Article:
The DDA (Disability Discrimination Act) says that websites must be made accessible to blind and disabled people. So how can you check that your website actually has good accessibility? There are a number of basic tests you can make to address some of the main accessibility issues. The following list includes guidelines that provide a good start in increasing accessibility to disabled people:
In Internet Explorer place the cursor over an informational image, for example, the organisation logo. Does a yellow box appear with a brief, accurate description of the image? For users whose browsers don't support images, this alternative text is what they'll see (or hear) in place of the image.
Place the cursor over a decorative image that doesn't have any function other than to look nice. Does a yellow box appear with a description of the image? It shouldn't. This image serves no purpose so there's no reason for users whose browsers don't support images to know that it's here.
Be careful though as this isn't a foolproof accessibility test. If a yellow box doesn't appear, this could mean one of two things:
If you turn your speakers off, you're clearly unable to listen to, or follow, any audio content. This situation is faced by a deaf person on a daily basis. Ensure your website supplies subtitles or written transcripts so that this type of content is accessible to hearing impaired users.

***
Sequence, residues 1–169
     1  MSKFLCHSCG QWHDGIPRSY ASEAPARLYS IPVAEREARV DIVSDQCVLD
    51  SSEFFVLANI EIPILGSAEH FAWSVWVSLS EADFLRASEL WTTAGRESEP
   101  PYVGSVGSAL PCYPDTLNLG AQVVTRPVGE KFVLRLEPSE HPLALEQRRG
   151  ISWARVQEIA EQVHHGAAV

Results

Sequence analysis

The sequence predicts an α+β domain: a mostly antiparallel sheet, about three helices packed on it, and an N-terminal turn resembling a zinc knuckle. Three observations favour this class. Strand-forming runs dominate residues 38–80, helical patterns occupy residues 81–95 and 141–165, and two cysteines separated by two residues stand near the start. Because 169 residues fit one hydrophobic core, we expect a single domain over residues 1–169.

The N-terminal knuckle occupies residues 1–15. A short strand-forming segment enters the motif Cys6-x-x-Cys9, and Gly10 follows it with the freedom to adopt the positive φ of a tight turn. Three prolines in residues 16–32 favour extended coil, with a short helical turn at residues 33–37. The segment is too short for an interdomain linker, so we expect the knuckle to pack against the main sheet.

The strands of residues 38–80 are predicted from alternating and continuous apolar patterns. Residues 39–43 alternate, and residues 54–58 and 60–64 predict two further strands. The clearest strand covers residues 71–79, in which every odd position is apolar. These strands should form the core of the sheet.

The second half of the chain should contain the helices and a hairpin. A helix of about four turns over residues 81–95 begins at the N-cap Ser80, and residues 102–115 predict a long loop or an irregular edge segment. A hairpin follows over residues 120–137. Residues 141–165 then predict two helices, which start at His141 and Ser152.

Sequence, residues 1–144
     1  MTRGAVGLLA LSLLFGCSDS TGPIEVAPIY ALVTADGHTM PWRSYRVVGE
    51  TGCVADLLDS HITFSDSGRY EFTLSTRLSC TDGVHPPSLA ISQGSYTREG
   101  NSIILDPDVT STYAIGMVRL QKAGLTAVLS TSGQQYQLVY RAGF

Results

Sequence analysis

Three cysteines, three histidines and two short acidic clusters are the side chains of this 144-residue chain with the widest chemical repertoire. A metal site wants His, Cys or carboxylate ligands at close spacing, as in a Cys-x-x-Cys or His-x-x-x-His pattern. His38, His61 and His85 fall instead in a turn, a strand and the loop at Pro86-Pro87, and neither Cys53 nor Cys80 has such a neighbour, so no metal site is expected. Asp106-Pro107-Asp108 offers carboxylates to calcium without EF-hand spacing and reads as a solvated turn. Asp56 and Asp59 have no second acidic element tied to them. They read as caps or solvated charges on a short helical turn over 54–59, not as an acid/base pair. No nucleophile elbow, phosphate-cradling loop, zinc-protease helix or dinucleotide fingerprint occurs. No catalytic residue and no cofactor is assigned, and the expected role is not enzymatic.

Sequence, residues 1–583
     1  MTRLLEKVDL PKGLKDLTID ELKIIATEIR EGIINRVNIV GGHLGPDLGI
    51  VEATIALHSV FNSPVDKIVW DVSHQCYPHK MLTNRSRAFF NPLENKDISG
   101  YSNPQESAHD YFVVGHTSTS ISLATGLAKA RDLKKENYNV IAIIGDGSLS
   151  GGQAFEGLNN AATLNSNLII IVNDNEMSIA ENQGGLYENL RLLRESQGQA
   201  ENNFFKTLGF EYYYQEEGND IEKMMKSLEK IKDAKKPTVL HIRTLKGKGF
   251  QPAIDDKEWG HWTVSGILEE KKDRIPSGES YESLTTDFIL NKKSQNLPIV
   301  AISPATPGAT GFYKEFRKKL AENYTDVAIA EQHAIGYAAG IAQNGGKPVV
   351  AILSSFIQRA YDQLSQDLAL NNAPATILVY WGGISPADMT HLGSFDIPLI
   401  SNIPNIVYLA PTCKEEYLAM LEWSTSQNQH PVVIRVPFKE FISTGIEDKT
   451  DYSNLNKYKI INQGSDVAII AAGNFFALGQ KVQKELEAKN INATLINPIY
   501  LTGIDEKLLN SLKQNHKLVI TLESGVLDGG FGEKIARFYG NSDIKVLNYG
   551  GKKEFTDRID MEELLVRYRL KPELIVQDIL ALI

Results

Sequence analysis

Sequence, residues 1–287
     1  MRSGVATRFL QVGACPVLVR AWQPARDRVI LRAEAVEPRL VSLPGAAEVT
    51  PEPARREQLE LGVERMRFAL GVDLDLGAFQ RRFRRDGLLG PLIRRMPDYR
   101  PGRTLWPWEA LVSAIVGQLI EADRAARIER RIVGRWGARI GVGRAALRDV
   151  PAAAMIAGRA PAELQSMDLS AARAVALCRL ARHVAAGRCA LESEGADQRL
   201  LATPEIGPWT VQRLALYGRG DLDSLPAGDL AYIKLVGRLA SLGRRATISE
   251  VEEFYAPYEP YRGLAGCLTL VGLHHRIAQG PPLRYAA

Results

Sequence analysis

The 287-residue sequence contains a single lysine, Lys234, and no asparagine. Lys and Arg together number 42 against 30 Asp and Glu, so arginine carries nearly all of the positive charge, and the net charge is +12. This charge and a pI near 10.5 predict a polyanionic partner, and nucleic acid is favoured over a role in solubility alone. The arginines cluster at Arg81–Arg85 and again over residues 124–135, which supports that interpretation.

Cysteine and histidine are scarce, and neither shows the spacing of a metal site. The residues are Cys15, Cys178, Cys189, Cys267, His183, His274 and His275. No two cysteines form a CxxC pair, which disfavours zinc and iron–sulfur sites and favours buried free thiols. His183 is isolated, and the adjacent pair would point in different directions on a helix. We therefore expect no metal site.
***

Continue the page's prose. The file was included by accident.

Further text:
Usually there's prompt text next to each item in a form. For example, a contact form might have the prompt text ‘name’, ‘e-mail’ and ‘comments’, each one next to a box where site users will enter their details. When you click on the prompt text, does a flashing cursor appear in the box next to that text? If not, your forms may not be accessible.
Can the text size on your website be adjusted? If not, then your website may not be accessible to web users with poor visibility. To check in Internet Explorer go to ‘View > Text size > Largest’. Alternatively, scroll with the wheel of your mouse whilst holding down the control key.
The Lynx browser is a text-only browser and doesn't support many of the features that other browsers such as Internet Explorer have. You can check how your site looks in this browser with the Lynx Viewer. If your website makes sense and can be navigated through the Lynx browser, then it'll be fulfilling many of the web accessibility guidelines.
Can you navigate through your website using just tab, shift-tab and return in Internet Explorer? If not, then neither can keyboard- and voice-only users.
Can you find a site map? If not, then neither can people who are lost on your website.
Visually impaired Internet users can browse web pages by tabbing from one link to the next. Does all the link text on your website make sense out of context? ‘Click here’ and ‘more’ are two common examples of non-descriptive link text that can cause a website to suffer poor accessibility.
Two accessibility programs available for free on the Internet are WebXACT and Wave. They're unable to provide you with all the information that you need, as most accessibility checks must be done by humans, but they can tell you some of the areas where your site might be going wrong.